Keynote speech, Henri Malosse, President of the European Economic and Social Committee Acropolis museum, Athens, 30 June 2014
If say "Famine at large scale, misery, civil wars" would you think about Africa in the 21st century? But I could actually refer to Europe in 18th and 19th.
Europe has in fact always experimented internal migrations. Inside the countries: from rural areas to the main cities, provoking the desertification of rural areas, mountains, islands. But also inside Europe: just remind the big migrations of Portuguese to France, Italians to Belgium, Greeks to Germany. The economic wonder of the 60 in France and Germany are also due to these “Gastarbeiter”.
The Immigration is seen today as a threat because of the economic crisis, but also the xenophobia which doesn’t concern just extra-UE people (see intolerance in the Netherlands towards Poles, the Roms issues illustrate it well). We need a shift in the perception of the migration in the EU – it should be considered as an opportunity, although a challenging one.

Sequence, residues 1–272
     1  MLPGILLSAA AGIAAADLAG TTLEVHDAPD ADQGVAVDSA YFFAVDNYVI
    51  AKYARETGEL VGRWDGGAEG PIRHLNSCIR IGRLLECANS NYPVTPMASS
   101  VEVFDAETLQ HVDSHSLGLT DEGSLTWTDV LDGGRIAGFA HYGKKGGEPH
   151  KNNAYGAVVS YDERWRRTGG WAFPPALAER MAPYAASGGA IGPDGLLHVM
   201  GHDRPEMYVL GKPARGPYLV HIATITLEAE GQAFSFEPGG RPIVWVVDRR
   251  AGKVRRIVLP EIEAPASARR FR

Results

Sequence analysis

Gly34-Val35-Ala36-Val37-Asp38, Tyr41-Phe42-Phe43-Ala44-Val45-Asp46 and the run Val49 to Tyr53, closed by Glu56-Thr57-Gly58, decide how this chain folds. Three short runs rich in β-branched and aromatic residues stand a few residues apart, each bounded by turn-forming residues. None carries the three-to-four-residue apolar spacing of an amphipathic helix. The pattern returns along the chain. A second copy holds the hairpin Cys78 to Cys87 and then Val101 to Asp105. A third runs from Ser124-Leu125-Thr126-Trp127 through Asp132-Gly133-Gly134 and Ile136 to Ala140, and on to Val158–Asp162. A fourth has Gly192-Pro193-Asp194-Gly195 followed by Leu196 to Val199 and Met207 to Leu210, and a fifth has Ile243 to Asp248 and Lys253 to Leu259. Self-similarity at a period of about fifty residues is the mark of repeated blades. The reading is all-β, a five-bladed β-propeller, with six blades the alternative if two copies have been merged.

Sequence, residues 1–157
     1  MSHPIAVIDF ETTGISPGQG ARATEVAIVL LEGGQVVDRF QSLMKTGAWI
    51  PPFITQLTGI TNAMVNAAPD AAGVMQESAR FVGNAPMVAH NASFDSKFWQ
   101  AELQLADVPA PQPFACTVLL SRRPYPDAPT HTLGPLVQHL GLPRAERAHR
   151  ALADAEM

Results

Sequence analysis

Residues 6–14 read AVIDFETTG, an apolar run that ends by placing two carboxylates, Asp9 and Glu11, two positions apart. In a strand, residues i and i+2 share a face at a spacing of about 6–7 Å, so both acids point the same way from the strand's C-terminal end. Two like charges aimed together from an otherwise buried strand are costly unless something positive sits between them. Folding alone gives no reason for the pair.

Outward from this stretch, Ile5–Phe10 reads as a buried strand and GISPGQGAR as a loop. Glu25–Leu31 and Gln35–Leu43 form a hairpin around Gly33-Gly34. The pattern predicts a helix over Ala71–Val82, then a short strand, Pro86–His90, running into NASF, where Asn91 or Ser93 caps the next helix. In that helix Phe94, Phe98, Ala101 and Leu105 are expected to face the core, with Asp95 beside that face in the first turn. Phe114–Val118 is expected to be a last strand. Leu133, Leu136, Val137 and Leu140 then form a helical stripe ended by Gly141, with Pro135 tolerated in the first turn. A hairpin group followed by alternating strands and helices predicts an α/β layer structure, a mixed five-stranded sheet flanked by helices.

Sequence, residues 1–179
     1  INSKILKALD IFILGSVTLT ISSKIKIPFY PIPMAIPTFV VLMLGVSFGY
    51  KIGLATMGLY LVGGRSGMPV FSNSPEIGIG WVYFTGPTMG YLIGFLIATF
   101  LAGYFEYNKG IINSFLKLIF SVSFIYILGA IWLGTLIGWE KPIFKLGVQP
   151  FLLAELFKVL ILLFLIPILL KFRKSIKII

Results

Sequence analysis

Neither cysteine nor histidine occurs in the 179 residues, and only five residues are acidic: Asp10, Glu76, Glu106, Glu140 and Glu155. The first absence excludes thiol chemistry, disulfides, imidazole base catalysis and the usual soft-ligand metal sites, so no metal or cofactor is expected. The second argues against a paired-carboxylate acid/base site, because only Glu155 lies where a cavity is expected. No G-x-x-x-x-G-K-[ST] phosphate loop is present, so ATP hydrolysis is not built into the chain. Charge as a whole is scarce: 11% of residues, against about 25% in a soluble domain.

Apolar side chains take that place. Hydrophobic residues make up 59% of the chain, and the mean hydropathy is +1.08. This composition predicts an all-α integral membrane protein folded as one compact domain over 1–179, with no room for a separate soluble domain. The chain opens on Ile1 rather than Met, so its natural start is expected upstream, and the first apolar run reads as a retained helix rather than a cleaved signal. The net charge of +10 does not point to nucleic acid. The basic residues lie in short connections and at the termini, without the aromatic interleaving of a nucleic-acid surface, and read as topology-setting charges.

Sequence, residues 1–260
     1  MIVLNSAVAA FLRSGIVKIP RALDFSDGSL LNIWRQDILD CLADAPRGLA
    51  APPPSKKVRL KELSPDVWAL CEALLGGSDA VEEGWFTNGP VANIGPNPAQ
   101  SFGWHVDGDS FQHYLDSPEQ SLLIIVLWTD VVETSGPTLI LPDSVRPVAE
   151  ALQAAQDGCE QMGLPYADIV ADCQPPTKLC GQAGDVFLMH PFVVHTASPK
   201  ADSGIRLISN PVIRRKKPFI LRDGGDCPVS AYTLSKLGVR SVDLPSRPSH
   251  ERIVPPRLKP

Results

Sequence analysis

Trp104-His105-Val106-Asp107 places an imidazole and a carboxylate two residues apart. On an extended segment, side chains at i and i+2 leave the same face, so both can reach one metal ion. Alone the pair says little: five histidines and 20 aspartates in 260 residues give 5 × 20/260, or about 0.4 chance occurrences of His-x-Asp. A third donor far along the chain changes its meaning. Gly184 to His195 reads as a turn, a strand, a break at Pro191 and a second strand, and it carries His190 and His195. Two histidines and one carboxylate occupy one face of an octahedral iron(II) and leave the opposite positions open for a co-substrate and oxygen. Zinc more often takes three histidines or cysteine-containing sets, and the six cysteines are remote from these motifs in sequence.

It is also absurd to refuse the talents to stay in the EU. The example of the recent case of the Nazif Mujic, the Berlinale Silver bear laureate, who was recently expelled with his family from Berlin, is a very good illustration of this absurdity.
Facing the demographic Decline, and taking into account our Values, the EU should handle this question with Common sense, Humanity and a Common EU approach (with opened borders, as there is no other option). The EESC has a long and rich background and some very acute recent opinions, as for example the one of Mr Mallia/Mr Gofcas on the Irregular immigration by sea in the Euromed region.
It’s crucial in this matter to make a clear distinction between internal EU migrants, extra EU regular migrants, irregular migrants, asylum seekers and refugees. Mixing all those categories together is the way for the populists, by amalgam, to create confusion and fears. We need to start discussing migration issues more responsibly in the EU on all levels, beginning by clarifying that all these different situations cannot be part of the same discussion.
I would also like to emphasise some more aspects reflected by the EESC. Intra-EU migration is a positive trend as long it’s a chosen migration which develops the skills. But we should fight against rural desertification, social dumping with the negative effects of the posted workers directives which bring to more wealthy states short time migrants with low rights.
As far as the regular immigrants concern – don't forget also that the immigration made an important contribution to Europe’s economic development and well-being. New immigrants would bring the skills and energy that Europe needs.
But coming to the irregular migrants, I would like to emphasise several important aspects.